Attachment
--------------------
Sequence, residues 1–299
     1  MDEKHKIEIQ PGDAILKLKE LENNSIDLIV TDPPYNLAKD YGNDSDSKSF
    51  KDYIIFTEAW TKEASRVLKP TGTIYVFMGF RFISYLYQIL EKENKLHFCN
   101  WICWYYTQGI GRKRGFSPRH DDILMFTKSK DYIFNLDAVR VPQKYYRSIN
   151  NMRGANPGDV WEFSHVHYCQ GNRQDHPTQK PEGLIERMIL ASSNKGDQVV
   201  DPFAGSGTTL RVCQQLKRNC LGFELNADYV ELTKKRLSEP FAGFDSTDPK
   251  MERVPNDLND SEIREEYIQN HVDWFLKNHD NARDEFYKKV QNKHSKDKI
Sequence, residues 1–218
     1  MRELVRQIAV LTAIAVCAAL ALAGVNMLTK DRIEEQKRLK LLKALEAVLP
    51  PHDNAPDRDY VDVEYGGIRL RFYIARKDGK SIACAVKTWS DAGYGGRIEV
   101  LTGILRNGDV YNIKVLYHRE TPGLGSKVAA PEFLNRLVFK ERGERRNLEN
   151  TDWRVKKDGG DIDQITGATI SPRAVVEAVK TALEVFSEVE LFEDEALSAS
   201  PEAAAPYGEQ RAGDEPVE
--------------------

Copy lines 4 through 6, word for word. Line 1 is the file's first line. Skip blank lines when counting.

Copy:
   101  WICWYYTQGI GRKRGFSPRH DDILMFTKSK DYIFNLDAVR VPQKYYRSIN
   151  NMRGANPGDV WEFSHVHYCQ GNRQDHPTQK PEGLIERMIL ASSNKGDQVV
   201  DPFAGSGTTL RVCQQLKRNC LGFELNADYV ELTKKRLSEP FAGFDSTDPK